A Familiar Face Graces the Halls of BHS As Alum Cheryl Romine Prepares to Change the World Through Teaching

By Trina Runner on November 29, 2019 via Connect-Bridgeport.com

This time last year, BHS alumnus Cheryl Romine had already witnessed the teacher strike and the demonstrations at the West Virginia state capitol. She had seen the profession dragged through the mud and watched as teachers she had known and loved fought for decent wages and insurance.  None of this swayed her decision: she was going to be a teacher and, partly because of the bad press, she was determined to make a difference in the lives of students.
 
Last December, Romine graduated from West Virginia University with a Bachelor of Arts in World Language, Literature and Linguistics.  She had always been drawn to the humanities and, as an accomplished musician, originally thought she might want to teach music.  The more Spanish classes she experienced, however, the more her passion for language grew and, as she began the Masters and Certification program at WVU, she knew she wanted to observe the best: Dr. Jenny Santilli at BHS.
 
For 57 hours, Romine worked with Santilli, who had been her teacher years before.  Romine chose Santilli because she is open-minded, challenging, and creative.  While Romine once again became a familiar face in the halls of BHS, she also had the opportunity to inspire the current generation of Spanish students, seeing the theories she had learned about play out in real time.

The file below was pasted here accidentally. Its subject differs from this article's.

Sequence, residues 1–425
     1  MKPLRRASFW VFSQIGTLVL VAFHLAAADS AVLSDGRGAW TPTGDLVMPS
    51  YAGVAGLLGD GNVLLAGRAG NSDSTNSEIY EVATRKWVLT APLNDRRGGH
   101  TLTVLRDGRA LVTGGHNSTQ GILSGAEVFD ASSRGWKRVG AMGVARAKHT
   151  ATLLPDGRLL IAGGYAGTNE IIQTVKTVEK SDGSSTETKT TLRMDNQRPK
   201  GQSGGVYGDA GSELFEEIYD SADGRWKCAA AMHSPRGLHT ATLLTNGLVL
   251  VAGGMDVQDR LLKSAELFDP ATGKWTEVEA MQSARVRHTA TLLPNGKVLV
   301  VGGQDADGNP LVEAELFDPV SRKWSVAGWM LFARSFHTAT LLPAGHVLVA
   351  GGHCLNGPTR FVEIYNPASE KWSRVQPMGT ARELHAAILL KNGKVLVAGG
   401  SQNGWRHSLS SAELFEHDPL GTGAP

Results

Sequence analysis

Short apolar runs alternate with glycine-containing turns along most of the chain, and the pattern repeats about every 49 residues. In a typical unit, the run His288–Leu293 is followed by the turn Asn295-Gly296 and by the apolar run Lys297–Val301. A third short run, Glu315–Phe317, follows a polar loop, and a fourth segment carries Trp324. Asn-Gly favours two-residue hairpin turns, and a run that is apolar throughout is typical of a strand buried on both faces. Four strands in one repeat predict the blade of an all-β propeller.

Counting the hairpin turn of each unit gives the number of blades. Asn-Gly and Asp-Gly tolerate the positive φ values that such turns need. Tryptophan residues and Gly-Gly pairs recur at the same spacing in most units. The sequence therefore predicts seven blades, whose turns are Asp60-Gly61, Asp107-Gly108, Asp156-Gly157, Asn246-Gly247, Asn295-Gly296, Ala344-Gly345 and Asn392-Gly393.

Romine’s favorite part of the experience was watching students finally understand a concept they had been struggling with.  Through Santilli’s guidance, she worked directly with the students, answering questions and learning more about the preparation necessary for teaching. During her own time as a student, Romine had the opportunity to travel to Costa Rica and Spain, including spending time in Santander, Spain, where she studied at Menendez Pelayo International University with students from all over the world. Although they each came from different backgrounds, cultures and countries, they could all communicate through Spanish, further solidifying her decision to pursue the language.
 
One of Romine’s main inspirations was her own experience in high school.  Regardless of all the challenges teens face, there was always that one teacher who could truly relate to the students. In her teaching, she hopes to empathize and connect with students in that way, providing them with support and encouragement as they navigate high school.  Her vision is to help prepare students to become productive members of society and to create positive changes for their generation and her time shadowing Santilli has inspired her tremendously.
 
Hoping to stay in the Mountain State, Romine will continue exploring all the avenues language has to offer, finishing her master’s degree with a full arsenal of challenging and creative ideas that she will put into action in her own classroom someday.


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